Monday, November 16, 2009

Ubuntu 9.10 doesn't suspend when closing the lid on batteries

In Jaunty you were used to shutting the laptop's lid and trusting it would go to sleep... Well, not any more in Karmic. I've already done it several times only to find out that the poor laptop was cooking in its bag, or just shut itself down after running out of batteries.

The problem is related to a massive refactoring of gnome-power-manager, which now uses the devicekit-power daemon instead of the recently deprecated hal. Particularly, the problem has to do with the inability of devkit to determine whether we're on AC or battery reliably.

Luckily, you can get the fix from this ppa:

sudo add-apt-repository ppa:jmartinj/dkp
sudo apt-get update
sudo apt-get upgrade

Hope it works for you!

Is Karmic hogging all your memory, too?

Looks like there are some memory leaks in the new Ubuntu 9.10 (Karmic):

I just took this snapshot of the system monitor after seeing how my swap space is half full, trying to find a culprit. It shows the processes running on my computer after 5 days uptime... I'm just capturing the top hogging processes, ie. the ones that have allocated over 100 MB of virtual memory. Ok, we all know about Firefox's soft spot for memory when you have 30 tabs opened... We also know that it's normal for Xorg to join the feast, but what are gdm-simple-slave and gdm-simple-greeter doing here, taking about as much as firefox altogether??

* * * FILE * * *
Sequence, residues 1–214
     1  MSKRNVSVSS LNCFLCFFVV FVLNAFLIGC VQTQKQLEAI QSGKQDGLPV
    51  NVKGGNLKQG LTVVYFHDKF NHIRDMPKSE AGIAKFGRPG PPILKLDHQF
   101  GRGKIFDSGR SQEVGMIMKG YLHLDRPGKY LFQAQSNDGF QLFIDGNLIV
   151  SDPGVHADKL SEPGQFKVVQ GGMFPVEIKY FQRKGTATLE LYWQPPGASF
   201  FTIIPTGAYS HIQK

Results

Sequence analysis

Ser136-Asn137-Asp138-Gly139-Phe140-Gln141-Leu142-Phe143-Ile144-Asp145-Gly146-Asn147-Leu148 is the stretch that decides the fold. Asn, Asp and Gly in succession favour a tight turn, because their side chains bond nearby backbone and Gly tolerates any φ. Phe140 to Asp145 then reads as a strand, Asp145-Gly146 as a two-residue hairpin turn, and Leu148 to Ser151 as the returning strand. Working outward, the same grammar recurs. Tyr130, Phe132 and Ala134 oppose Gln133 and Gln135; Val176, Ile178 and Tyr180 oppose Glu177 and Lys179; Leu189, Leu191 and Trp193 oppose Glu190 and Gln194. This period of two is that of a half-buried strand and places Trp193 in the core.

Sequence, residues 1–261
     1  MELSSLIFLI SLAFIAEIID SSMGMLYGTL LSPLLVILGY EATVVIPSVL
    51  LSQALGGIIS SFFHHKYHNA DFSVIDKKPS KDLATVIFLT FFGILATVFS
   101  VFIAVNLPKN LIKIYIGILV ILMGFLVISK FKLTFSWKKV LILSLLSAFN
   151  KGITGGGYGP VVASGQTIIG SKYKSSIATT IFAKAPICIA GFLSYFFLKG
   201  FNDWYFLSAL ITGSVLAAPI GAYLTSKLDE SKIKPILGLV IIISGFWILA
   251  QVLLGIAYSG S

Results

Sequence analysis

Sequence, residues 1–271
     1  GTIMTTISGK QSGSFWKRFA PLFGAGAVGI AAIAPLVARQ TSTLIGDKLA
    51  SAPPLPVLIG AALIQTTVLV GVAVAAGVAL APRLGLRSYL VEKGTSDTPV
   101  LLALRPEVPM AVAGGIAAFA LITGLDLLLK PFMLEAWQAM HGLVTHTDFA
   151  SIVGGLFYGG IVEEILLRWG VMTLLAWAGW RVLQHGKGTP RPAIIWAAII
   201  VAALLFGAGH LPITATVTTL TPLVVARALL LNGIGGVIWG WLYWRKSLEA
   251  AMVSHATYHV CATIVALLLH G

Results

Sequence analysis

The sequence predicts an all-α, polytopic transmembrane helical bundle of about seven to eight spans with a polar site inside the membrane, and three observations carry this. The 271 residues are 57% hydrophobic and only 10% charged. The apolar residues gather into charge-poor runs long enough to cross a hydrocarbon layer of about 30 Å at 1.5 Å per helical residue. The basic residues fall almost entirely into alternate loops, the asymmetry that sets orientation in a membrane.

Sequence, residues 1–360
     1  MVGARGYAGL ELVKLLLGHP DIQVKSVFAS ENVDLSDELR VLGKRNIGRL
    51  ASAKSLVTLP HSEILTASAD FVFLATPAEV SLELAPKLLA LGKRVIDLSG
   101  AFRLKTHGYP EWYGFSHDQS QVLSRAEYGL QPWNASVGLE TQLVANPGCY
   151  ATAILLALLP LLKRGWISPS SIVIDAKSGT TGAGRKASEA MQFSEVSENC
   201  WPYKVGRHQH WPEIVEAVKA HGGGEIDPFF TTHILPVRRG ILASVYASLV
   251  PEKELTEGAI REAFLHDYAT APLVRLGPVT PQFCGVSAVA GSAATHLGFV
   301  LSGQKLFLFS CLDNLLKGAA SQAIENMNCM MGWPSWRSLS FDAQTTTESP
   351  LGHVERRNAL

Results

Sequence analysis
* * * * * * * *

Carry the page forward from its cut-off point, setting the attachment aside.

We also excuse evince because it's dealing with some graphics. I don't know what two metacities are good for, and last but not least, gnome-power-manager (yeah, the tiny little battery icon that also takes care of suspending, etc.) is munching on another 100 MB. WTF?

If you are a fan of the TV series LOST, you probably know that the addiction to it comes partly from the directors' mastery of solving a mistery while puzzling you with three more on each episode. I believe the Ubuntu team applied this very same concept to the bugfixing process, so that users are constantly eager for a new release.

Monday, November 9, 2009

Simyo + Alcatel X060 + Ubuntu 9.10 (Karmic Koala)

Este post es para aquellos que tengáis el módem X060 que venía con la tarifa plana de Simyo y queráis utilizarlo con Ubuntu 9.10. Los que venís de Jaunty probablemente estaríais utilizando estas instrucciones, que ahora ya no funcionan.

Los problemas son varios: en primer lugar el módem ya está soportado por el kernel y no hace falta parchear el módulo "option", así que el paquete usb-modeswitch-alcatelX060-dkms_1.0.2-4_i386.deb que utilizábamos en Jaunty ya no hace falta en Karmic y se puede desinstalar:

sudo dpkg -r usb-modeswitch-alcatelX060-dkms

Segundo: ahora los problemas tienen que ver con el paquete "modemmanager", que es el que gestiona los módems 3G. Podéis ver los detalles aquí, esperemos que el autor los solucione. Mientras tanto podéis bajaros la versión parcheada haciendo: